Hello, this question seems rather simple but for some reason I can't see what to use to solve it.

Question : We want to do a study to determine the proportion of urban owners that have more than 1 computer.

I need to find the sample size to be certain at 99% that the estimation will be at most 3% of the real proportion.

A friend of mine suggested to use

n = $\displaystyle \frac{Z_{\alpha/2} * p * (1-p)}{c^{2}}$

where n is the sample size, $\displaystyle Z_{\alpha/2}$ the value of Z, p the proportion and c the margin error.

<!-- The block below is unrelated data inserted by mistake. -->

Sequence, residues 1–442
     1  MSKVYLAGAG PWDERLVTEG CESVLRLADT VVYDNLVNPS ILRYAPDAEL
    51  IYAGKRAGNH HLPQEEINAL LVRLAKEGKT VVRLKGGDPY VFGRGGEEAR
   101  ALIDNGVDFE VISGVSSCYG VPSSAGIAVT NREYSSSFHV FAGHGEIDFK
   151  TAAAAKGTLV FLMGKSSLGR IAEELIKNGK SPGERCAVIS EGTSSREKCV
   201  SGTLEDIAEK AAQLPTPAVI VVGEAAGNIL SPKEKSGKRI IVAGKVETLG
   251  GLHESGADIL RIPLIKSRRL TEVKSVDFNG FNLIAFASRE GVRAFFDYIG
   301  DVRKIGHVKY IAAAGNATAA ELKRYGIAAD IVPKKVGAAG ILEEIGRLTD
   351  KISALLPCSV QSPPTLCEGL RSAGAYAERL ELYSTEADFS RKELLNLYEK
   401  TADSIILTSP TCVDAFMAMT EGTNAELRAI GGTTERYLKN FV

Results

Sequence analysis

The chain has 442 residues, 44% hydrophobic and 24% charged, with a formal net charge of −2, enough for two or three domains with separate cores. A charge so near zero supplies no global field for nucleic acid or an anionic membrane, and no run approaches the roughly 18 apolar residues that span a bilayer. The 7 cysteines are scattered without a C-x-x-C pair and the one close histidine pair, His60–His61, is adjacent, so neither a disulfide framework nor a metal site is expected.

So for my problem:

n = $\displaystyle \frac{2.58^2*p*(1-p)}{c^{2}} = \frac{2.58^2*0.5^2}{c^2} $ = 1849

My 3 questions:

a) Is it the right formula? if so where does it come from?

b) Why do we use p=0.5 when we have no clue what the proportion is going to be?

c) Why do we take the value of Z as a bilateral test (hence the $\displaystyle Z_{\alpha/2}$ instead of $\displaystyle Z_{\alpha}$)?

Thanks (: